DPS Meeting, Madison, October 1998
Session 21. Planetary Formation and Dynamics
Contributed Oal Parallel Session, Tuesday, October 13, 1998, 2:00-3:40pm, Madison Ballroom D.

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[21.10] Radial Migration of Planets Embedded in a Massive Planetesimal Disk

J.M. Hahn, R. Malhotra (LPI)

Prior investigations have shown that the orbits of the giant planets can migrate while they are still embedded in a remnant disk of planetesimal debris (Fernandez and Ip 1984). This hypothesis is further motivated by the highly eccentric and inclined orbits of Pluto and its cohort of Kuiper Belt objects that lie at Neptune's mean-motion resonances. One natural explanation for the origin of these peculiar orbits is that these bodies were captured by Neptune's sweeping resonances as the planet's orbit expanded radially outwards (Malhotra 1993, 1995).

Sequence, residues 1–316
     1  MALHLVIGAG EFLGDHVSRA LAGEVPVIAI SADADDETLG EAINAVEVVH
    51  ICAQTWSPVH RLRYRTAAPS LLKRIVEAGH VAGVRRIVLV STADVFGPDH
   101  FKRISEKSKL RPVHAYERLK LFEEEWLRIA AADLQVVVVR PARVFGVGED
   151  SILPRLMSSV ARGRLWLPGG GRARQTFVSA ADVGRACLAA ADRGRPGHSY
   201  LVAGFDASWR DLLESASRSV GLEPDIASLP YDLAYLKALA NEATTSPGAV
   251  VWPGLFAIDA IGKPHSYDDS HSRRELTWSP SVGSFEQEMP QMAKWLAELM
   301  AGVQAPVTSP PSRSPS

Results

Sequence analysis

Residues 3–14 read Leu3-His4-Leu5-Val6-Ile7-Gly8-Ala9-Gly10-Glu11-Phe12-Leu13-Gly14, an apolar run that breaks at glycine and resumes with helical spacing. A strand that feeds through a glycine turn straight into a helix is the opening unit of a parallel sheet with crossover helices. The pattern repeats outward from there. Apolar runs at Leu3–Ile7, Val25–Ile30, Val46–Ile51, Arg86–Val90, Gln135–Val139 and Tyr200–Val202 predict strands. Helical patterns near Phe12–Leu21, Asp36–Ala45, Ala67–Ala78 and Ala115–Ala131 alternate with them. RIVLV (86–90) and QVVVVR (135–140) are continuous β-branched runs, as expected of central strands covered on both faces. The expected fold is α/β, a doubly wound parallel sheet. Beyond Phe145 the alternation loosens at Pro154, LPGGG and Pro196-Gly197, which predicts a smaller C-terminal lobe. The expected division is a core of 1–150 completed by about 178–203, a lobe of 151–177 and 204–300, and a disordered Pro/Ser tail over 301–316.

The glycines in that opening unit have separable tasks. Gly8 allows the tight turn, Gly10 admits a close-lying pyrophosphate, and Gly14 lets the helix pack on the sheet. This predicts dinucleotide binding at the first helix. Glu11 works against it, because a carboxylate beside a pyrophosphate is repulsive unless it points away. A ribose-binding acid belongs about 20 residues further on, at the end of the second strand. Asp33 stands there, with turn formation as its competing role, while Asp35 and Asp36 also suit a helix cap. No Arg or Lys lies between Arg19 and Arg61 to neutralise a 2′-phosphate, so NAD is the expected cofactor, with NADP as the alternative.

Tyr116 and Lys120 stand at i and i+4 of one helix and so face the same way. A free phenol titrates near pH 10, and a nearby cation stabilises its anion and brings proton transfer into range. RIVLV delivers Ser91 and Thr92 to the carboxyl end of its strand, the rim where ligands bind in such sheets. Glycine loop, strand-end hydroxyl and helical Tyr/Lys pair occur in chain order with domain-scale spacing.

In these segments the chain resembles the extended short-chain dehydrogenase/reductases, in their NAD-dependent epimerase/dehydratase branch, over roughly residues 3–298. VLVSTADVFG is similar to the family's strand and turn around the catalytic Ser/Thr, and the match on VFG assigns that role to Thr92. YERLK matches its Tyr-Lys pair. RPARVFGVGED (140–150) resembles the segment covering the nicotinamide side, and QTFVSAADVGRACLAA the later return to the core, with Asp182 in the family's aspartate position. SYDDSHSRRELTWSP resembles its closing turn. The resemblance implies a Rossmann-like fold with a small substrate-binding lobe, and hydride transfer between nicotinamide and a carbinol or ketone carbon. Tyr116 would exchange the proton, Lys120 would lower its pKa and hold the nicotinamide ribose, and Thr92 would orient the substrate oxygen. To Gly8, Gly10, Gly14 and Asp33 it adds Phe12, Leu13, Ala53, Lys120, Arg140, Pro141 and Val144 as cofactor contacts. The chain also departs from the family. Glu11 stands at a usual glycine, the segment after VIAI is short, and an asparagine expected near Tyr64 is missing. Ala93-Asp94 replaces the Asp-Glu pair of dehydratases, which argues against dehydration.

We have investigated the planet-migration phenomenon via direct numerical integration of a system of giant planets embedded in a massive planetesimal debris disk. We find that the rate and radial extent \Delta a of planet-migration varies with the disk mass Md. Although most of the debris disk is ultimately ejected by the giant planets, a small fraction of the disk gets emplaced in the Oort Cloud. These models also indicate that once the giant planets have stirred up the planetesimal disk, the terrestrial zone of the solar system suffers a period of considerable bombardment. Estimates of how all these phenomena (e.g., planet-migration \Delta a, the development of the Oort cloud, and impacts in the terrestrial zone) scale with the disk mass Md shall be presented at conference time. Comparison of model results to observations of the present Kuiper Belt promise to yield an estimation for the disk mass Md during the epoch of planet-migration.

The author(s) of this abstract have provided an email address for comments about the abstract: hahn@lpi.jsc.nasa.gov

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